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Ukraine given path toward EU but loses ground in East

Even as Kyiv marked a major political win with the European Union putting it on the path toward member statehood, Russian attacks that have been ongoing since late February drove Ukraine's military into further retreat.

(CN) — Ukraine was a step closer Friday to becoming a member of the European Union but that political win after four full months of war was offset by new territorial losses to Russian forces in the East.

EU leaders agreed on Thursday to open up a route for Ukraine and neighboring Moldova to join the 27-member union. They also called for Georgia, another Black Sea country fearful of Russian aggression, to be given a similar route into the EU in the future.

Meeting in Brussels, the European Council, a body made up of the political leaders of each member state, voted to give so-called “candidate status” to both countries.

“This is a very defining moment and a very good day for Europe today,” said Ursula von der Leyen, the European Commission president.

But it is expected to take years for Ukraine and Moldova to become full-fledged EU members because each country will need to adopt deep reforms in aligning themselves with EU laws, rules and standards, and this could prove problematic. Also, Ukraine's future is in doubt as Russia seeks to annex its territories through military might.

There are questions about Ukraine being rife with corruption and carrying out undemocratic actions. For example, just as Ukraine was being offered EU membership candidacy, the main opposition party in Ukraine was formally banned by a court of appeal and its assets seized. The Opposition Platform-For Life party was accused of being pro-Russian, though critics see banning it and several other opposition parties as deeply undemocratic.

The road to EU membership could even prove illusory. Turkey, for example, was given candidate status in 1999 amid high hopes, but since then talks between the EU and Ankara about membership have fallen apart, mostly due to Turkish President Recep Tayyip Erdogan's authoritarian rule.

Still, Ukrainian President Volodymyr Zelenskyy hailed Thursday's decision as a pivotal moment for his war-ravaged country's future.

“Candidate status is not just a new step. This is a new summit,” Zelenskyy said in a statement. “Not a new paragraph, not a new page or even a new section. This is a new volume in the history of Ukraine's European integration, which we started writing today.”

He added: “And as of today, this book has no other options but one: Ukraine will become a member of the EU in the future. As of today, this is fixed at the official level.”

There is a lot of symbolism in the EU opening the door to Ukraine. In many ways, the war in Ukraine is rooted in a clash inside the country between those segments pushing to be closer to the West and those resisting such a direction.

This internal clash came to a head in 2013 and 2014 when then-President Viktor Yanukovych ditched an economic deal with the EU and instead turned to Russian President Vladimir Putin for a loan bailout and to develop closer ties.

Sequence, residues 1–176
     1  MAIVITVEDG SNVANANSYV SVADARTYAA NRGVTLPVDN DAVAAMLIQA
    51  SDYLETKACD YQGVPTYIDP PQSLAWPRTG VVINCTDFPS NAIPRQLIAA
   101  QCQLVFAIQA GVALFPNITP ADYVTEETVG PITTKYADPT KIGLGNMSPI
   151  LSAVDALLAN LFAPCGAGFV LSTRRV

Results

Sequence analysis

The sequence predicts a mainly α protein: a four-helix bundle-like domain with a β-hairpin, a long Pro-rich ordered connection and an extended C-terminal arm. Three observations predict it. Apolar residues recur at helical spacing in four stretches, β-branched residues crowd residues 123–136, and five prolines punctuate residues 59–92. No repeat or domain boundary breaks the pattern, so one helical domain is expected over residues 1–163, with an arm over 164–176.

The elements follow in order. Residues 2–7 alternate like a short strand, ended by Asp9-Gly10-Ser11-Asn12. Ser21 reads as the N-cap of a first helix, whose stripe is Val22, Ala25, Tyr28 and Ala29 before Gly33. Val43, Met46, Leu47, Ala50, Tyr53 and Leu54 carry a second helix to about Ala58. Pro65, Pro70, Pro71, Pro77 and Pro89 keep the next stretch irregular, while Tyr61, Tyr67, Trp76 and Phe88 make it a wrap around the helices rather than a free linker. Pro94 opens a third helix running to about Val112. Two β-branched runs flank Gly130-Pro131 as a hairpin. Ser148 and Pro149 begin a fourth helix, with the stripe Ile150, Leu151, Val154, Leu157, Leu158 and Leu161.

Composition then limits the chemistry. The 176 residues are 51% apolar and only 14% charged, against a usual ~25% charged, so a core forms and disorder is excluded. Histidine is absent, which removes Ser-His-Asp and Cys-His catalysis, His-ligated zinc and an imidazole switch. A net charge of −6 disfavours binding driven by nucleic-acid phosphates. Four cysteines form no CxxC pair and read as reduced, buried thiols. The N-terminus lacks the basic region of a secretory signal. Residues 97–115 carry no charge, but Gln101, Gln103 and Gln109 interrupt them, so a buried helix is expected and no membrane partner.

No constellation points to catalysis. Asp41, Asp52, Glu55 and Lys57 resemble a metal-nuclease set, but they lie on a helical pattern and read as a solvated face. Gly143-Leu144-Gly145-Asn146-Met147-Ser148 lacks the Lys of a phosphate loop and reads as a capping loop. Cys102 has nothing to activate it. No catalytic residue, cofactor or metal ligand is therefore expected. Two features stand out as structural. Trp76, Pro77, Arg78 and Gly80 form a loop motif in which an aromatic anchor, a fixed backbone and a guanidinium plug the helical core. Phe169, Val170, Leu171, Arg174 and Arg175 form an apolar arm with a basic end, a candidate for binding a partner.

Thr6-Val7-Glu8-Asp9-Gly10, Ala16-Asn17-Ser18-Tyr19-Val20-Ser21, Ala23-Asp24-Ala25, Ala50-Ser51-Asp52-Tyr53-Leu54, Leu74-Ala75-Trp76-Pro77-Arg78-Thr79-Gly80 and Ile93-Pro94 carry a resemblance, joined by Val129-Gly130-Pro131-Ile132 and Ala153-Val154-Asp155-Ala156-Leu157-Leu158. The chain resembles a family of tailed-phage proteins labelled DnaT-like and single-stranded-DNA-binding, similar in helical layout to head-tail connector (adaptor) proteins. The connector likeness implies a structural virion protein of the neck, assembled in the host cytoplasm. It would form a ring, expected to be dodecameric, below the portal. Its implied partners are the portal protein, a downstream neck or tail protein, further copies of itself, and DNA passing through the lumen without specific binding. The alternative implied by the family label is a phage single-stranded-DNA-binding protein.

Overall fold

Many in Ukraine saw his move as a betrayal and took to the streets in what became the so-called “Maidan Revolution,” a series of protests and violent events that led to the overthrow of Yanukovych, the installation of a pro-Western government in Kyiv, the annexation of Crimea by Russia, and the eruption of war in Ukraine's eastern Donbas region between Kremlin-backed separatists and Ukraine's military.

More than eight years later, this clash has evolved into a full-scale war that poses the danger of escalating into a major war between Russia and NATO.

Friday marked exactly four months since Putin ordered an invasion of Ukraine on Feb. 24 following months of a troop buildup on the borders. In defending his invasion, Putin said Russia could not allow ethnic Russians in Ukraine suffer under an anti-Russian government in Kyiv and that Russia was forced to halt NATO's expansion into Ukraine.

Ukraine's political gain of receiving EU candidate status, though, was overshadowed with new reports of Russian advances in eastern Ukraine.

On Friday, Ukraine said its troops were retreating from the eastern city of Sievierodonetsk, an industrial hub in the Luhansk region, after days of intense fighting there.

But more worrying for Kyiv were reports of fresh advances by Russian forces that could potentially cut off thousands of Ukrainian soldiers in areas near Sievierodonetsk.

Also, Russian forces began a siege of Lysychansk, a twin city across the Siverskyi Donets River from Sievierodonetsk. Together, the two cities had a population of more than 200,000 people before the war.

Ukraine is hoping that the flow of powerful Western weapons will turn the tide of the war and enable it to reclaim territories it has lost.

On Thursday, U.S. President Joe Biden announced a new $450 million shipment of weapons, including four new medium-distance rocket launchers.

Courthouse News reporter Cain Burdeau is based in the European Union.

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